– ‘Angry white women’ –

“American women who are seeking reproductive freedom should be concerned about a Trump-Pence presidency,” Heith said.

Juliet Williams, professor of gender studies at the University of California, Los Angeles, said Trump’s shocking win could be attributed to a disconnect — both among Republicans and Democrats — when it came to women’s voting.

ADVERTISEMENT

“A narrative about this election took hold very early on and that narrative was that Trump was mobilizing the angry white man vote, with angry white men (such as) coal miners in West Virginia or unemployed auto workers in Michigan,” Williams said.

“Frankly, all of us on the right and the left really should have wondered what the angry white vote means,” she added.

“What we learned yesterday is that angry white women have political power too … and if you allow yourself to forget about women, you are going to lose. This is what happened to Hillary.”


Report typos and corrections to: [email protected].
READ COMMENTS - JOIN THE DISCUSSION
Continue Reading

Breaking Banner

After Trump: No free pass for Republicans — they own this nightmare

Published

on

With the impeachment inquiry leveling up this month as public hearings begin, and with an election that might actually be the end of Donald Trump now less than a year away, the campaign to let Trump's Republican allies — even the most villainous offenders — move on and pretend this never happened is already underway.

This article first appeared in Salon.

Sadly, the clearest articulation of the let-bygones-be-bygones mentality has come from a Democrat — unsurprisingly, former Vice President Joe Biden.Biden, who is still, somehow, the frontrunner in Democratic primary polling, spoke at a chi-chi fundraiser on Wednesday, and dropped this pearl of wisdom: "With Donald Trump out of the way, you’re going to see a number of my Republican colleagues have an epiphany."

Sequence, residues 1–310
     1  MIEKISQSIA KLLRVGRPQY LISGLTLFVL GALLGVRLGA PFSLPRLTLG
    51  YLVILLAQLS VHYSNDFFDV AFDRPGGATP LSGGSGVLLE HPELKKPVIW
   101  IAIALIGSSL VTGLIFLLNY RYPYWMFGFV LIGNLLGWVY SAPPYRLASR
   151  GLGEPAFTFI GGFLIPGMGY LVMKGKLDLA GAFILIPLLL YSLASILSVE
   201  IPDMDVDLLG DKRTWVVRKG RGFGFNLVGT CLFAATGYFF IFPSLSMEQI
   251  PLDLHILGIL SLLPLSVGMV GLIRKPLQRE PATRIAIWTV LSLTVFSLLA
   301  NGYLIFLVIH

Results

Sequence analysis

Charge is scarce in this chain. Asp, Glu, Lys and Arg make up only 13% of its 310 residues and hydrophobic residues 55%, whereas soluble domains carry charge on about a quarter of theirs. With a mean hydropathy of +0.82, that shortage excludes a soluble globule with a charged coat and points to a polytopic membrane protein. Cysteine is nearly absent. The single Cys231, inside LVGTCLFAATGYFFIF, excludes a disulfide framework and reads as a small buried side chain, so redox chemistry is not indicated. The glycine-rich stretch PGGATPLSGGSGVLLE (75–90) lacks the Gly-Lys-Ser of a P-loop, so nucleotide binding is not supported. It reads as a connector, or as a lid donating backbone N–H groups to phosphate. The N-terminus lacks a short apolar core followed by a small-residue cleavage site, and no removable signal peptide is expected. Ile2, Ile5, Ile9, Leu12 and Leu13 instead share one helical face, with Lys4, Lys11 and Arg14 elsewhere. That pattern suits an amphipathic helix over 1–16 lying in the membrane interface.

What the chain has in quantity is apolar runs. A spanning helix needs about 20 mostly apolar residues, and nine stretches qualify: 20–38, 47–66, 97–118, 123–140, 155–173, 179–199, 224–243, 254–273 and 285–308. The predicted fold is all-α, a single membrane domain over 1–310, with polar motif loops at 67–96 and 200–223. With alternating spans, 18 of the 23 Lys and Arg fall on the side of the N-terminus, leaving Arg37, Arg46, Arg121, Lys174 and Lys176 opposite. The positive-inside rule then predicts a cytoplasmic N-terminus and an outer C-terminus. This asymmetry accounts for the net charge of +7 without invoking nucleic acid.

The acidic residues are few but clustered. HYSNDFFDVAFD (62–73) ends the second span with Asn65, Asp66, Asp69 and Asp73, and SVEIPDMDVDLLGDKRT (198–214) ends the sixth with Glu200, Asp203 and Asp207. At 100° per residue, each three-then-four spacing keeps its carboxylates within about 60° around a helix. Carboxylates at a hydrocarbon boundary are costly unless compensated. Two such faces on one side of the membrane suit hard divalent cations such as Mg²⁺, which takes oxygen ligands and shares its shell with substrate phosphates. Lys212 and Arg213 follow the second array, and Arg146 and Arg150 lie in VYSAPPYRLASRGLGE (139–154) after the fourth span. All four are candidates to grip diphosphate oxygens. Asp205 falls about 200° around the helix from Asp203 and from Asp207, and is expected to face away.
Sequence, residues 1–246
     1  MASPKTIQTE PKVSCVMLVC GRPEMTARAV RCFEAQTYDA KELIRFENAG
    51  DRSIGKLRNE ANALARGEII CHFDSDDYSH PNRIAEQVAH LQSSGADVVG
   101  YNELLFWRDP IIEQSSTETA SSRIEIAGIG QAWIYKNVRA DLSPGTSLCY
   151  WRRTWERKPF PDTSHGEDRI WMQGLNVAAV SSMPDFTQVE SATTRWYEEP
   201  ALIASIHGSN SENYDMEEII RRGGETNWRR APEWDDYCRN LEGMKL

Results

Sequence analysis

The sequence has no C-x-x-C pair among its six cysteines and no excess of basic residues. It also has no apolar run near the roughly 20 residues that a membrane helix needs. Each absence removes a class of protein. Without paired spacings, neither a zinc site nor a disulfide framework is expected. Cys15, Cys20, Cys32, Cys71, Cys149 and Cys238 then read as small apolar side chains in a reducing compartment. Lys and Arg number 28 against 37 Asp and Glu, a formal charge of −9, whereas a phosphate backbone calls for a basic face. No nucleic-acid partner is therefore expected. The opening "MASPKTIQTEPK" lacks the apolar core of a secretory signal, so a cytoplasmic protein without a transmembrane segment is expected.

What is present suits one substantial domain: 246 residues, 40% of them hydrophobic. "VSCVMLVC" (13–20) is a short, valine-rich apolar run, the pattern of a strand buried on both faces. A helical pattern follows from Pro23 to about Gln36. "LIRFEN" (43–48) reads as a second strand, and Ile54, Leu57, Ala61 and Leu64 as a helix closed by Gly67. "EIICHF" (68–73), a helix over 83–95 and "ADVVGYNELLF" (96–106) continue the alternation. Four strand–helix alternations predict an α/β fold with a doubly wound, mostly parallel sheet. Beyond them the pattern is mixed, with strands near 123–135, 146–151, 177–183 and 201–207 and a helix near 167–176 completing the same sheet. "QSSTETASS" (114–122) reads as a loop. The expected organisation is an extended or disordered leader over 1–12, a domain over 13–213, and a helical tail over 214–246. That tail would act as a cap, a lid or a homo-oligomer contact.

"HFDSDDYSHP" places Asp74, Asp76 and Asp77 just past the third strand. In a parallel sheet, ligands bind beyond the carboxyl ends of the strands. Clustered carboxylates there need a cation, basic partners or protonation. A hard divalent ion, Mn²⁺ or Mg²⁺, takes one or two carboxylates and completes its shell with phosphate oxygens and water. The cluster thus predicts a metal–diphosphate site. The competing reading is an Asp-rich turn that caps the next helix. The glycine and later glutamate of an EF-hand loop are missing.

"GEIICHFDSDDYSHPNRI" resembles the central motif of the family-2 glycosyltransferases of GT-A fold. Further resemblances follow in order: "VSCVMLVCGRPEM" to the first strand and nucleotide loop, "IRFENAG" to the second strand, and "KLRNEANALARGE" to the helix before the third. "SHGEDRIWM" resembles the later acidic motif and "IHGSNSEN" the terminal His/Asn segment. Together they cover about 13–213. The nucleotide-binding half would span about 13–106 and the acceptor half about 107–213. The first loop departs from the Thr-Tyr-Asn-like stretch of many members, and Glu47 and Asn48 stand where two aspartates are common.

Continue Reading

Elections 2016

As climate crisis-fueled fires rage, fears grow of an ‘uninhabitable’ California

Published

on

As activist Bill McKibben put it, "We've simply got to slow down the climate crisis."

With wildfires raging across California on Wednesday—and with portions of the state living under an unprecedented "Extreme Red Flag Warning" issued by the National Weather Service due to the severe conditions—some climate experts are openly wondering if this kind of harrowing "new normal" brought on by the climate crisis could make vast regions of the country entirely uninhabitable.

Continue Reading
 

Elections 2016

‘A profound emoluments clause violation’: Andrew Napolitano slams Trump’s hosting the G7 at Doral

Published

on

In the wake of acting White House Chief of Staff Mick Mulvaney's announcement this Thursday that next year's G7 summit will be hosted at President Trump's Doral golf club, Fox News senior judicial analyst Andrew Napolitano pointed out that Trump would be violating the emoluments clause if he were to go through with the move.

At the outset of the segment, Fox Business Network anchor Neil Cavuto said that the announcement is "effectively saying the president has given himself this contract."

Continue Reading
 
 
Help Raw Story Uncover Injustice. Join Raw Story Investigates for $1 and go ad-free.
close-image